No Harm, No Foul? For Donor Recognition, Think Again.
I have a friend who went to an event recently where there was a walk-through of a new fairly large, donor-funded facility that was under construction. The site was well designed, and a staff person enthusiastically gave a tour that explained what functions would be done in each area. The presentation was for a small group of major donors.
All seemed terrific until the development person in tow spoke. There was no “Thanks for coming” or “Isn’t this exciting”. Instead, the only time she spoke was when she pointed to a small-ish wall and said “…and here’s the donor recognition area!” The room got very quiet and everyone kept walking. In the next area, again the development person pointed to yet another area and said “…and here’s where the donor names will go!” (In case you’re wondering — yes, these statements were made with a big smile and lots of excitement/enthusiasm. Not so much enthusiasm was returned by the donors in the room.)
When I hear this story — and many others like it — I can’t help but get queasy. It would be one thing to show the location of the “donor recognition wall” if one of the donors asked about it, but without a context (other than that there was a room of donors), the comments were, at best, off-putting, tacky, and, in my opinion, inappropriate. Why would someone assume that the location of a donor recognition wall would make a difference in the size of gift someone was considering?
What drives me most crazy about this story is that the development exec just assumed that the donors in the room cared about public recognition.
As I’ve said in other posts, donors come in all “shapes and sizes”, and most, if not all, generalizations about “donors” won’t apply to many of them. Donors, like anyone else, are human beings with their own hopes, dreams, feelings — and reasons for giving. To suggest that anyone with financial resources who choose to give to nonprofits does so because they want their “name in lights” is just plain condescending. Maybe even just lazy. Assuming that “all donors _____” (fill in the blank) suggests that there just isn’t time or an inclination to speak to donors as individuals. Having those individual conversations about public recognition will clearly tell a fundraiser where the donor is on the “Donor recognition” spectrum.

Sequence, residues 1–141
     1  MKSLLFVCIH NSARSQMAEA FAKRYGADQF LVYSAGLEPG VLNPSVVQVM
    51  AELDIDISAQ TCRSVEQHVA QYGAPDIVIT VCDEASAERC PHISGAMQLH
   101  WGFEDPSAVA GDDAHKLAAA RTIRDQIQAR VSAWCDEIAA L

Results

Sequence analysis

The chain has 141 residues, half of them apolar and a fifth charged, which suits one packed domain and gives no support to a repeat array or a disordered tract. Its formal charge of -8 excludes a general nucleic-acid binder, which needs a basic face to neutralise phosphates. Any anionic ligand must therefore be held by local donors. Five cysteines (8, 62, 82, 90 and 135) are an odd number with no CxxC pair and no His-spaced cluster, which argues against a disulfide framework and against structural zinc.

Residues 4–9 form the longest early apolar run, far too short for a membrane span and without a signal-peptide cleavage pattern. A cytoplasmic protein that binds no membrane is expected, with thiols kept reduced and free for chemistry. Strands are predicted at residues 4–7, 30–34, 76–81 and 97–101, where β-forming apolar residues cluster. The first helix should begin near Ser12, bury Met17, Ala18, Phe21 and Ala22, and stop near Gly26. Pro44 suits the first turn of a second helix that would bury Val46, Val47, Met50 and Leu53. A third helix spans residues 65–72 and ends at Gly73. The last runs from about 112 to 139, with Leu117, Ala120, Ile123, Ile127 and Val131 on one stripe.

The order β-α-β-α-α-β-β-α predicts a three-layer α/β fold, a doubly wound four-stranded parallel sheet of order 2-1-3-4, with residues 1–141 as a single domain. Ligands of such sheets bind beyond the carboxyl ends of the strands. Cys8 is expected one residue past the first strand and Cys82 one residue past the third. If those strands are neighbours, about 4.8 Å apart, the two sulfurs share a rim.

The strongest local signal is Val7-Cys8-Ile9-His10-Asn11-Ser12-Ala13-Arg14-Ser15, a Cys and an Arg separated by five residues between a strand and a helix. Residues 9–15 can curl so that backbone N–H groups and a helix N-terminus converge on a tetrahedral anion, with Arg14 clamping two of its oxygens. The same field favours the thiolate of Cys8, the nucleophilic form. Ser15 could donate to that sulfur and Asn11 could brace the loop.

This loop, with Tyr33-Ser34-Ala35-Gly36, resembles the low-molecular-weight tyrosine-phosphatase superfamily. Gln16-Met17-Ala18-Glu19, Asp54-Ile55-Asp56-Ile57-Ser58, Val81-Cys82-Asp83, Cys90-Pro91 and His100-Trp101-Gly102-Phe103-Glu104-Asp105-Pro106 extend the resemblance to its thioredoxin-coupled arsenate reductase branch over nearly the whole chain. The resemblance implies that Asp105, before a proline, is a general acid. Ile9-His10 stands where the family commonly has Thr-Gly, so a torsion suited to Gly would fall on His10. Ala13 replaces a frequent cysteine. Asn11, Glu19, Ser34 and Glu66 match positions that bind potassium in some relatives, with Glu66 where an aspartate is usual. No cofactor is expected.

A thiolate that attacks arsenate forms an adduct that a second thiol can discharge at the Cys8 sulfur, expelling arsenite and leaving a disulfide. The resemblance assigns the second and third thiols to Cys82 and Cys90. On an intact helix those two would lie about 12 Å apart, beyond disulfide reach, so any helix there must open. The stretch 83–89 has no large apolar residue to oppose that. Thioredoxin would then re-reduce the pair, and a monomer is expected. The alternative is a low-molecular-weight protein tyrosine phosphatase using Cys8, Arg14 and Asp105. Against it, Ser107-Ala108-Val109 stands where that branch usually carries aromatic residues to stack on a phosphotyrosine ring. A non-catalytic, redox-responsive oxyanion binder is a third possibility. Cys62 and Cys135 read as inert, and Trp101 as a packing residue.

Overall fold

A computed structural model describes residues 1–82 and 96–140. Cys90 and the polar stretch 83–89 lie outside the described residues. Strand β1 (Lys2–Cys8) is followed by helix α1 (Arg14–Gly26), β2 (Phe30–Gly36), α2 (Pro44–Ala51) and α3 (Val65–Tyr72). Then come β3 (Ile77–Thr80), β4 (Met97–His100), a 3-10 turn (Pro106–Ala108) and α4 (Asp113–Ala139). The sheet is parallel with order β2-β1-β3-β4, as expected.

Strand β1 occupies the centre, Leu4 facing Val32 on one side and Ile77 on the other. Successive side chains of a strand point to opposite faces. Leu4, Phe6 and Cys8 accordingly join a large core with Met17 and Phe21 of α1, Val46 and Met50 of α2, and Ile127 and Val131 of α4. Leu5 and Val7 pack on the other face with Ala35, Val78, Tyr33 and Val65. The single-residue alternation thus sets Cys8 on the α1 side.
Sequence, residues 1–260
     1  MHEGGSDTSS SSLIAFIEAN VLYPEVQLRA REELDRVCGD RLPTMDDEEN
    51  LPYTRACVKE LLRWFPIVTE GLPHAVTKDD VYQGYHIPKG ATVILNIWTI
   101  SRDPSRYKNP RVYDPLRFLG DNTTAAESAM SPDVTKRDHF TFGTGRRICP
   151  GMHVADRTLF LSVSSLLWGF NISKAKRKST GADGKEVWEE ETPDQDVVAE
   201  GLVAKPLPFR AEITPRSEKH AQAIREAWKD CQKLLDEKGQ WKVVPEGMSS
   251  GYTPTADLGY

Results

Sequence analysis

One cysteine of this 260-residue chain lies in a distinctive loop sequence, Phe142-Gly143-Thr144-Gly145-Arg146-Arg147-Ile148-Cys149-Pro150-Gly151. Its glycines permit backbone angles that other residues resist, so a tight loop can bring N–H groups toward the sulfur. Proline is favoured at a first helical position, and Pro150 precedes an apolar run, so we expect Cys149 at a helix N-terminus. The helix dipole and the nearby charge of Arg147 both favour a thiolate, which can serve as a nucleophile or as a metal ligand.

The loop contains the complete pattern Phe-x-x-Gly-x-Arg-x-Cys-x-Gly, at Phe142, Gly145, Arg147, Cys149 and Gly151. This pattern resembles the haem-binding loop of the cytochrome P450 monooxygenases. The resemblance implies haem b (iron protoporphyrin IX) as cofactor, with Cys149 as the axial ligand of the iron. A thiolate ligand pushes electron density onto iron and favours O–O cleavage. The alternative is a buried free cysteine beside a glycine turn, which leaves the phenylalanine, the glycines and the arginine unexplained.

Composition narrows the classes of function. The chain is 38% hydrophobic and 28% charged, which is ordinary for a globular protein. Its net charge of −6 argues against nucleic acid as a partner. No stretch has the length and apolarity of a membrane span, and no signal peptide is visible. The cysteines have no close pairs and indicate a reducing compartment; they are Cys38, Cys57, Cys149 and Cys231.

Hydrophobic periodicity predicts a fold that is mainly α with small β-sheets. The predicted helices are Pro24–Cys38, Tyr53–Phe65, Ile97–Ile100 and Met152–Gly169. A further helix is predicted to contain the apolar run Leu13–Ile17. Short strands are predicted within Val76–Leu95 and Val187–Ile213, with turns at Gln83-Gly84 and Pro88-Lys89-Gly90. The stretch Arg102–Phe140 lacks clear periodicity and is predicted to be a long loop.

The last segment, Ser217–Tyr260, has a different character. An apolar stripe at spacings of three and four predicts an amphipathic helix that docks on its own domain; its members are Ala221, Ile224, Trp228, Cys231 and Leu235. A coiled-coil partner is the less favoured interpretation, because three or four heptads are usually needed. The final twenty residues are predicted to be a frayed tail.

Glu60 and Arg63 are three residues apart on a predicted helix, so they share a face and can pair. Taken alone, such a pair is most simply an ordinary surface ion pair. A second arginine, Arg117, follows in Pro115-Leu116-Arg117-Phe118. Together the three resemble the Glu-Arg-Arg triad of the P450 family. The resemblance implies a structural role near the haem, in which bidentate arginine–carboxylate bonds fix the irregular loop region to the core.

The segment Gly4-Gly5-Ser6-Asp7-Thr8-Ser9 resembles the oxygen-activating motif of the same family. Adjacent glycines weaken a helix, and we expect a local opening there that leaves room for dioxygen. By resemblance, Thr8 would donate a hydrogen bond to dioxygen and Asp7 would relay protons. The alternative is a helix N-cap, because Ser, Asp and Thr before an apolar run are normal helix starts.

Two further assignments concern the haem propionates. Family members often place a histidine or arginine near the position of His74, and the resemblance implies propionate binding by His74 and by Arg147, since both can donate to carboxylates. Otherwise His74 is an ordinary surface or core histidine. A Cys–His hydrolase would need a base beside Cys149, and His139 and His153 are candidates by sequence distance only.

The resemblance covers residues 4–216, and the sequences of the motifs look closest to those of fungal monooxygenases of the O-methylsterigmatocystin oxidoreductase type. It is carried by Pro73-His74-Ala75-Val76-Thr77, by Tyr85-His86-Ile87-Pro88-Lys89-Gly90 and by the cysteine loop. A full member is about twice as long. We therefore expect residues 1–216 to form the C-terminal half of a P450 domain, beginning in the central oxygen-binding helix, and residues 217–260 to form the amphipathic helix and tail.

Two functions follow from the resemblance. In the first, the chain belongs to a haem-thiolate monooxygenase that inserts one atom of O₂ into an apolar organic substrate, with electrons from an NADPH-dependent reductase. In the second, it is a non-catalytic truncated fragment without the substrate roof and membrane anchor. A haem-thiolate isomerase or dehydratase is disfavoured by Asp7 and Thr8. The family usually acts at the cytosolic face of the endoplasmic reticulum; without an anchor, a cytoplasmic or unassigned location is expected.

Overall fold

Imagine a “Donor recognition” continuum where on end is “anonymous” and the other end is “name in lights with a marching band”. Somewhere between those two is where most donors are (in terms of how they want to be recognized). In a healthy, sustainable donor/fundraiser relationship, it’s easy for the two parties to discuss how the donor feels about recognition.
In fact, in a recent study about donor behavior relative to public recognition, the researchers (both professors at prestigious universities) discovered that “Nonprofit organizations often use various forms of public-facing recognition, from giving walls to galas, to acknowledge donations and encourage giving. New research suggests tactics like these may actually discourage the likelihood of donation.” It’s worth reading.
In another study, researchers looked — in great detail — at the published donor list, which just might be one of those things that we do mostly because “that’s what we’ve always done”. Turns out that the time and money your organization spends on those lists might not be helpful, in terms of bringing in more revenue, at all. Check it out here.
The bottom line is, as always, to stop assuming. The best way to fully understand a donor’s wishes relative to public recognition? Just ask them.
p.s. Note that “public recognition” is different than saying thank you to a donor. Everyone deserves a thank you. If you’re not 100% clear on this, read my earlier post on the issue here.
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